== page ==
(d) Endorse a vision of democratic global governance of the digital
Smooth endorsements of multistakeholderism often overlook the powerful corporate interests at play in digital policymaking.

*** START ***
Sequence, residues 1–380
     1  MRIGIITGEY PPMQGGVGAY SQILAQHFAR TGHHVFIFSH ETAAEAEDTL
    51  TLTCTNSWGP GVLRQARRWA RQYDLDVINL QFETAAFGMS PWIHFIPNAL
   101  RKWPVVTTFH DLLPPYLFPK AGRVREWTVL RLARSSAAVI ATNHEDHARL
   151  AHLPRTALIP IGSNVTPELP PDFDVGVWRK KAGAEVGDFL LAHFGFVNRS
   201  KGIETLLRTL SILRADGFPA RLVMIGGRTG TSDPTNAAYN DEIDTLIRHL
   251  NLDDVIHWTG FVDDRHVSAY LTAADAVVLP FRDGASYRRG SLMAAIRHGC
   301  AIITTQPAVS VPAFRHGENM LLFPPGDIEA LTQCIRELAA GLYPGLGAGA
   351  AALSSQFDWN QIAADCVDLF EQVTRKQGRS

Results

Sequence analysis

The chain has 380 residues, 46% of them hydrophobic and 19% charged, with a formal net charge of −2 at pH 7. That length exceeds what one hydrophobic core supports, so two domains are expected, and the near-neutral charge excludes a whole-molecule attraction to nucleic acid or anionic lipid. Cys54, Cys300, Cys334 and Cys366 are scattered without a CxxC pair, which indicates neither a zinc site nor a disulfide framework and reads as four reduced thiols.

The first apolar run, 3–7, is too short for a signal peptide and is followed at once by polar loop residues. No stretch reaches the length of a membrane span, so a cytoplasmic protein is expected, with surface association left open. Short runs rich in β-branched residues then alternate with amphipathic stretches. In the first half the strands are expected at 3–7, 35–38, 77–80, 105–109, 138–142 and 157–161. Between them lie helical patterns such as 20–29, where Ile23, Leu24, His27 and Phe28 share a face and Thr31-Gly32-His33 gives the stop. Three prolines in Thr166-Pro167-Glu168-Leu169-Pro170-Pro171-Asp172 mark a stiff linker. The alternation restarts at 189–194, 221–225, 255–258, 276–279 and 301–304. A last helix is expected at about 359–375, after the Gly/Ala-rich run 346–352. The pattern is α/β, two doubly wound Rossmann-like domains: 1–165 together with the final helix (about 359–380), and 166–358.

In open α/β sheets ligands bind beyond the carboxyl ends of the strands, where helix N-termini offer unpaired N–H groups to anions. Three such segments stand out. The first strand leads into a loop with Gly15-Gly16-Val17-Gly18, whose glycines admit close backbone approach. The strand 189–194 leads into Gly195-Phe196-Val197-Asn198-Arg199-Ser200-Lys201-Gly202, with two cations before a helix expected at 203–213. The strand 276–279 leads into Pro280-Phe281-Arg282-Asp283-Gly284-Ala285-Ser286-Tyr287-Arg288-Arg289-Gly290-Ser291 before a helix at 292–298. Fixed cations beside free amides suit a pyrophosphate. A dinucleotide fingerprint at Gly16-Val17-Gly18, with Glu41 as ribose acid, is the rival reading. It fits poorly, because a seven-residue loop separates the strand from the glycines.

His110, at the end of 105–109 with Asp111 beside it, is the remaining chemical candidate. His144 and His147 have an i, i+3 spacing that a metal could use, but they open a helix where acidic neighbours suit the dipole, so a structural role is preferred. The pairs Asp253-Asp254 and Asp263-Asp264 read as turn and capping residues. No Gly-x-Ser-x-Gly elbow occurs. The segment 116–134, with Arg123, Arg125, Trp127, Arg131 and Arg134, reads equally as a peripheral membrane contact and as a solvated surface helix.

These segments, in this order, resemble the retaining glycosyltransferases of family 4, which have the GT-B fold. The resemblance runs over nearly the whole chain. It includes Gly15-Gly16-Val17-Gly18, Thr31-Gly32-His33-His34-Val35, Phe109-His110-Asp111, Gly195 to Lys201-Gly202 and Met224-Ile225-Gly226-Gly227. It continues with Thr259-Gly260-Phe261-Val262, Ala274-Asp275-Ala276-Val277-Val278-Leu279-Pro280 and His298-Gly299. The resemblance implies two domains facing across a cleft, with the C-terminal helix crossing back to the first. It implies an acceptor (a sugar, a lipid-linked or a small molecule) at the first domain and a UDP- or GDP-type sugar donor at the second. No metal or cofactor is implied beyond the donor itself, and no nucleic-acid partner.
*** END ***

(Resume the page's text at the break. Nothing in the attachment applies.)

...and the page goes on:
CSW67 must clarify that the spirit of multistakeholder collaboration in the development of digital ecosystems should adhere to Paras 35 and 61 of the WSIS Tunis Agenda, underscoring that while stakeholders must be able to contribute in their respective roles towards democratic development of public policies, public policy processes themselves remain the right and duty of States. Needless to say, our futures in the digital age require new visions, processes, and mechanisms, nationally and globally, to create and sustain ‘listening institutions’ that heed to the voices of the most marginalized women. The Agreed Conclusions must commit to the role of democratic institutions in enabling the creation and flourishing of digital infrastructure and innovation ecosystems. This is non-negotiable if we seek fair and equitable economies, accountable polities, and pluralistic societies, grounded in a robust commitment to women’s human rights and gender equality.